January 2, 2020Read More
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Attending a Wellness Center is good for a senior’s health!
November 9, 2018
Our mission is about independence. And what that means is that our services delay or prevent the need for institutionalized care. We know anecdotally that our services help seniors stay in their homes, where they want to be. Family members, and often the seniors themselves, tell us that they could not have safely remained at home without our services. While it’s easy to see the connection between independence and our services such as Meals on Wheels and home care, sometimes it’s more difficult to see the connection for our Wellness Center clients.
We operate four Wellness Centers in the county, and as part of that service, we transport clients to and from their homes to attend the center. Although the primary purpose of the center is to provide a hot, nutritious meal, we also provide substantial programming to engage seniors in socialization, education, and fun. The clients get out of their homes, have a meal with their friends, and participate in physical fitness activities among other things.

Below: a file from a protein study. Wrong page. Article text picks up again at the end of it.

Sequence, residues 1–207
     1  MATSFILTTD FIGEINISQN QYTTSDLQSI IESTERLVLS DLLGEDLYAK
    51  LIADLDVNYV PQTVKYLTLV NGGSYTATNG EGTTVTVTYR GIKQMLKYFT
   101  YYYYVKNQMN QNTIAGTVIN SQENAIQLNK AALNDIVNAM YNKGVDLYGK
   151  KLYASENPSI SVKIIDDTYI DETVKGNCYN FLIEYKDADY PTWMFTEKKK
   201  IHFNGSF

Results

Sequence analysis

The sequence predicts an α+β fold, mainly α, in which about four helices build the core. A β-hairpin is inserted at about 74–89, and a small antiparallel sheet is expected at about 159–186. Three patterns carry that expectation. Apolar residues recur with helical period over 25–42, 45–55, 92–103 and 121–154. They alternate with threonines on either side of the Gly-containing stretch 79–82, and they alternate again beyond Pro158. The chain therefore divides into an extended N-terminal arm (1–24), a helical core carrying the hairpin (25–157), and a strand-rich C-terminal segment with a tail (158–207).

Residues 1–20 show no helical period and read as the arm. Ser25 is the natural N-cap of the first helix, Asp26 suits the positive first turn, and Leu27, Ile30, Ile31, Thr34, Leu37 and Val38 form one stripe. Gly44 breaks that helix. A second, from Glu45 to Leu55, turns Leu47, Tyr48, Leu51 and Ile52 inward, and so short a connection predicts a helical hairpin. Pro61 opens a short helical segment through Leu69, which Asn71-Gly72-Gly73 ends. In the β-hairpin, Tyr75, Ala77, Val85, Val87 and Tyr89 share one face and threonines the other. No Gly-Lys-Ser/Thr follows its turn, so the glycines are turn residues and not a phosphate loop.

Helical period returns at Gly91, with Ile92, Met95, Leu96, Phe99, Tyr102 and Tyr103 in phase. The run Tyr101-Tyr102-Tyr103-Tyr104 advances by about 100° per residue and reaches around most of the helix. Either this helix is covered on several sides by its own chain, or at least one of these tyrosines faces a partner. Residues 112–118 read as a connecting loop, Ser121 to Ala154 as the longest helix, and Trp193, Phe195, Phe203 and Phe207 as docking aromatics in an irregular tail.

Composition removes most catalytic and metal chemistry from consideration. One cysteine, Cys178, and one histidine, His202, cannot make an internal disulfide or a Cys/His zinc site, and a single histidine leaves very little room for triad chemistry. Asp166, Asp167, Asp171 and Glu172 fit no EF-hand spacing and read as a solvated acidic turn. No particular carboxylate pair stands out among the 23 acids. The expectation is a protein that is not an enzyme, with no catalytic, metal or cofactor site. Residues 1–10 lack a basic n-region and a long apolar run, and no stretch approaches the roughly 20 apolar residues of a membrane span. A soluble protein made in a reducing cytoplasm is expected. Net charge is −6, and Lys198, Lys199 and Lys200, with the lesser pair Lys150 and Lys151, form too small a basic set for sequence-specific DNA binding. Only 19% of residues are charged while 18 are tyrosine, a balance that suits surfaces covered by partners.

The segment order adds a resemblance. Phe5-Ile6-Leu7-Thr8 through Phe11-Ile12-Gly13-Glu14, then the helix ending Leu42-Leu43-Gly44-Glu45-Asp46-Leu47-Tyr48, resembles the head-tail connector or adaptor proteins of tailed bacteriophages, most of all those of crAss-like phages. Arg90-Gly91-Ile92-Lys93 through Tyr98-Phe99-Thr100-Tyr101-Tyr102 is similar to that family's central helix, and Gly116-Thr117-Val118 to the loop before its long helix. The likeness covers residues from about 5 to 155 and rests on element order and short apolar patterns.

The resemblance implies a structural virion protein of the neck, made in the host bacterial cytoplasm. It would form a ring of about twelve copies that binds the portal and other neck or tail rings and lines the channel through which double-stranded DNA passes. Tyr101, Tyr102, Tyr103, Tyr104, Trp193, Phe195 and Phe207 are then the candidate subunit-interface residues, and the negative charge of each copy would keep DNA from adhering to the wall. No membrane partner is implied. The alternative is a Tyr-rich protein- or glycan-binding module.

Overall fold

The Administration for Community Living (ACL) is a federal agency that oversees both the Wellness Center (also called congregate meal programs) and the Meals on Wheels programs. ACL has engaged in a multi-phased research initiative to look at the health benefits derived by participants in these programs. Underscored in their study is the significant vulnerability of the seniors served by groups such as Senior Resources.
The most recent release of the client outcome study has some interesting and relevant findings. Their study found that health care utilization was lower for congregate meal participants (like our Wellness Center clients) than non-participants. Participants were less likely than non-participants to have a hospital admission, and less likely to have an emergency department visit that led to a hospital admission. The study also found that the rate of nursing home admissions for participants was lower than the rate for non-participants. Overall, there were sizable differences found in outcomes between congregate meal participants and non-participants. These differences were magnified when the participants were lower-income individuals. If you’d like to read results from the entire study, it can be found here.
Essentially, the study validated what we already knew…our services are important to the health, well-being and independence of our senior clients!
By Pam Dukes, Executive DirectorBack to All News & Blog